It already has happened here

society and culture

Toby Driscoll


December 18, 2016

I’ve just finished one of the most remarkable fiction reading experiences I’ve had in quite some time: It Can’t Happen Here, by Sinclair Lewis.

ICHH is a satirical novel written and set in 1935 America. It describes the rise of a populist dictatorship modeled closely along the rise of the Nazis in Germany.(Lewis’ wife, Dorothy Thompson, was the first American journalist expelled from Nazi Germany and was clearly responsible for much of the shape of the book.)

This was near the height of the Depression, and FDR’s New Deal was controversial and, at that point unsuccessful (or not yet successful, if you want to look at it that way). There were multiple signs of unrest and populism, not least of which was Huey Long, then governor of Louisiana and apparently plotting to hijack the Democratic party to get elected President in 1936 or 1940. (Long was assassinated in 1935, as the book was being finished.)

ICHH is not great as a novel. The characters are essentially allegorical, and the plot barely needs them. The core of the book is as a dystopian speculation about the near future of the USA. Lewis himself called it “propaganda for American democracy.” As such, its relevance to 2016 is astonishing. I could pick out dozens of quotes. Here are just three extended ones.

…what burns me up [isn’t] that old soap-boxer’s old chestnut about how one tenth of one percent of the population at the top have an aggregate income equal to 42 percent at the bottom….[It’s] the fact that even before this Depression, in what you folks called prosperous times, 7 per cent of all the families in the country earned $500 a year or less—remember, those weren’t the unemployed, on relief; those were the guys that still had the honor of doing honest labor.

The most confusing thing about the campaign of 1936 was the relationship of the two leading parties. Old-Guard Republicans were complaining that their proud party was begging for office, hat in hand; veteran Democrats that their traditional Covered Wagons were jammed with college professors, city slickers, and yachtsmen.

Most Americans had learned in school that God had supplanted the Jews as chosen people by the Americans, and this time done the job much better, so that we were the richest, kindest, and cleverest nation living; that depressions were but passing headaches and that labor unions…must not set up an ugly class struggle by combining politically; that, though foreigners tried to make a bogus mystery of them, politics were really so simple that any village attorney or any clerk in the office of a metropolitan sheriff was quite adequately trained for them; and that if John D. Rockefeller or Henry Ford had set his mind to it, he could have become the most distinguished statesman, composer, physicist, or poet in the land.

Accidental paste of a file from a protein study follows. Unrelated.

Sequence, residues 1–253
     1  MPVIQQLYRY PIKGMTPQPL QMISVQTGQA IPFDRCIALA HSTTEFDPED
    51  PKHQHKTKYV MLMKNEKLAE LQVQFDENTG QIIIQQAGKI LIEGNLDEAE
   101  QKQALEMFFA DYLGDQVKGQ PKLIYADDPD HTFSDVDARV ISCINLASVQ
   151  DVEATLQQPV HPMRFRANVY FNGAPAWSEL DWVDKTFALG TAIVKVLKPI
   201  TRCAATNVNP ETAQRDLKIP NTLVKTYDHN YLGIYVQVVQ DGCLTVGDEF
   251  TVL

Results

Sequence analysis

So much is in the book: the rural/urban dynamic, the American disdain for and distrust of intellectualism, the cluelessness of intellectuals, racism, anti-Semitism, antifeminism, the lust for a “ringmaster-revolutionist”, the contrast between a boring, calculating candidate and a hot populist who draws big rallies, the failure of newspapers (i.e. the media in 1935), the use of radio for disintermediation (i.e., Twitter), the belief by the banking establishment that things would soon moderate and work in their favor, etc. Lewis also spells out the horrors of a concentration camp—familiar ground to us today, but sensational to much of the public in 1935.

In 1935 the bogeyman was communism, not Islam, and the threat seems to be the extreme left, not the right. But that hardly matters. What ICHH made so clear to me is how America, through its history, culture, and politics, is a host susceptible to a certain pattern of symptoms. And maybe it’s not just America, and not just liberal democracy, but literally part of our DNA.

I’m quickly going over in my head in political science here. My reaction to the book is complicated. I recommend that you pick up a copy and at least get through the fictional election, though it’s neither easy nor fun to read.

The book was apparently adapted to a smash hit play in 1937. I would be surprised if it doesn’t undergo a revival in the near future.